June 09, 2005

Property Tax Boiling Point

Politicians at all levels of government are beginning to learn that over-reliance on property taxes can lead to problems.
The Christian Science Monitor has a good overview. The problem is the result, partly, of the fact that property taxes grow in two ways. First, the legislature can set the rate. Second, the value of your house can increase. The first method might be called "intentional" and second "accidental."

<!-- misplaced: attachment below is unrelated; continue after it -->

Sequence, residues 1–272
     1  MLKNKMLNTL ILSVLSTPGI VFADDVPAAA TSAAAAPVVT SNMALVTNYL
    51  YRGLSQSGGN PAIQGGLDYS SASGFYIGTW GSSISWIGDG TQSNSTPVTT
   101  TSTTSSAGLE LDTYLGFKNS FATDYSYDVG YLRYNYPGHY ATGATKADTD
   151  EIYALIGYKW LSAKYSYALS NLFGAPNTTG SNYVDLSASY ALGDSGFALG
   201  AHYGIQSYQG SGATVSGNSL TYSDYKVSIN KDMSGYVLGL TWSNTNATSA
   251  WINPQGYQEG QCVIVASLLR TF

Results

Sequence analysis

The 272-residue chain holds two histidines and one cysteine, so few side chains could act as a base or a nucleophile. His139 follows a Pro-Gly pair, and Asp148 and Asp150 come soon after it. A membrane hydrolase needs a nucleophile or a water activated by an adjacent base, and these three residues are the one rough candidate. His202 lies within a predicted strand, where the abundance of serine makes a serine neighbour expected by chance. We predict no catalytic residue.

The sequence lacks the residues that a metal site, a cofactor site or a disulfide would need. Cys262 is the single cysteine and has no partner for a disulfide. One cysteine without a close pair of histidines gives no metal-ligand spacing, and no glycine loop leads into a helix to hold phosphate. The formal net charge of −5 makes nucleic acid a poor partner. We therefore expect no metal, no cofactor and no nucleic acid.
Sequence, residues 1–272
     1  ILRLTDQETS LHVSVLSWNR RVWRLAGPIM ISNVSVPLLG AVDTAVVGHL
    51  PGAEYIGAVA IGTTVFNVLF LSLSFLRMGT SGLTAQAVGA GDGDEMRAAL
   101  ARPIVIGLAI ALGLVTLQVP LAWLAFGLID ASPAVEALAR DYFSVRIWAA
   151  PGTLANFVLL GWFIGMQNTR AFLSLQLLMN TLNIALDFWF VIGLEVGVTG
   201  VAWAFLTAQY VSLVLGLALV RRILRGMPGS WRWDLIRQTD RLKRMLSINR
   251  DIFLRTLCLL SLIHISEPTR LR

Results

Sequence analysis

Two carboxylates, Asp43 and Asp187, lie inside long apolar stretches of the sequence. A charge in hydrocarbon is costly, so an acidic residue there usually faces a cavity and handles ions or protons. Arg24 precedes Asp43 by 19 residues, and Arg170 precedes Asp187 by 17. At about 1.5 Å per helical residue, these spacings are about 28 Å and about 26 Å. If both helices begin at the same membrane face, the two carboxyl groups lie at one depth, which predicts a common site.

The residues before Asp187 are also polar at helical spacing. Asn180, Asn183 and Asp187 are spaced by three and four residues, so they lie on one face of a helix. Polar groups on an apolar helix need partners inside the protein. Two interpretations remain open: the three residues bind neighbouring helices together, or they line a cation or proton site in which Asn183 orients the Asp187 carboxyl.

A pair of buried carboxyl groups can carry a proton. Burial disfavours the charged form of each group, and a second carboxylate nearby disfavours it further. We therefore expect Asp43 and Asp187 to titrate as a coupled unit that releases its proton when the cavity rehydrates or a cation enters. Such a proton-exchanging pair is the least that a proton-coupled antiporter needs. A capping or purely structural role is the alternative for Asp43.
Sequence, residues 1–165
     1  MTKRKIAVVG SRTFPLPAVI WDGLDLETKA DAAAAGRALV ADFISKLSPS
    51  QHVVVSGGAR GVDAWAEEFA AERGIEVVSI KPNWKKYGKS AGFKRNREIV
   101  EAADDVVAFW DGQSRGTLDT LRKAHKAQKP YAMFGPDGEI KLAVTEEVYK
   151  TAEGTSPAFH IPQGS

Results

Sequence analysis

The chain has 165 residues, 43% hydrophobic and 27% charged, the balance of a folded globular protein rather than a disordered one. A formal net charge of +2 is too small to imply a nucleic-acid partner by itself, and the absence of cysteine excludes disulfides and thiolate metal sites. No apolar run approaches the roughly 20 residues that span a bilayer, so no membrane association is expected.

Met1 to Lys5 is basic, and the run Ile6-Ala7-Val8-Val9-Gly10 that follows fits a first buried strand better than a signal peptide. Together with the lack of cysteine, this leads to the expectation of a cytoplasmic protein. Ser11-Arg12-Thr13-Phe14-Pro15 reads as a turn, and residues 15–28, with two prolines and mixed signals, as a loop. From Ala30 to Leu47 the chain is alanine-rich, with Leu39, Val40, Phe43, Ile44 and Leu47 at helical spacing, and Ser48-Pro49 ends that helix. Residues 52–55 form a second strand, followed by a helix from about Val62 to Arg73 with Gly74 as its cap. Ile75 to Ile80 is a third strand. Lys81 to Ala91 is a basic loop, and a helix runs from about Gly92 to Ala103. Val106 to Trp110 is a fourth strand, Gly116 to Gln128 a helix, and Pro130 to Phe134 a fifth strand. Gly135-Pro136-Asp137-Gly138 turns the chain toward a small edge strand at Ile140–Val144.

The problem with that sort of revenue source is that it does not take into account a taxpayer's ability to pay. A common situation is for a family to buy a house and over the years watch as it's value rises several fold. Now, eventually they retire so they're living on fixed income. Only their property tax bill has shot through the roof. The tax bill has increased while the family's income has leveled off. Some states have tried creative solutions to this problem such as homestead exceptions or circuit-breakers. Each is an attempt to find a way to acknowledge a taxpayer's income level on their property tax bill. This is an important factor in creating a fair tax system. Income-acknowledging property tax adjustments are a good start, but legislators need to learn the broader lesson when considering further tax reform.


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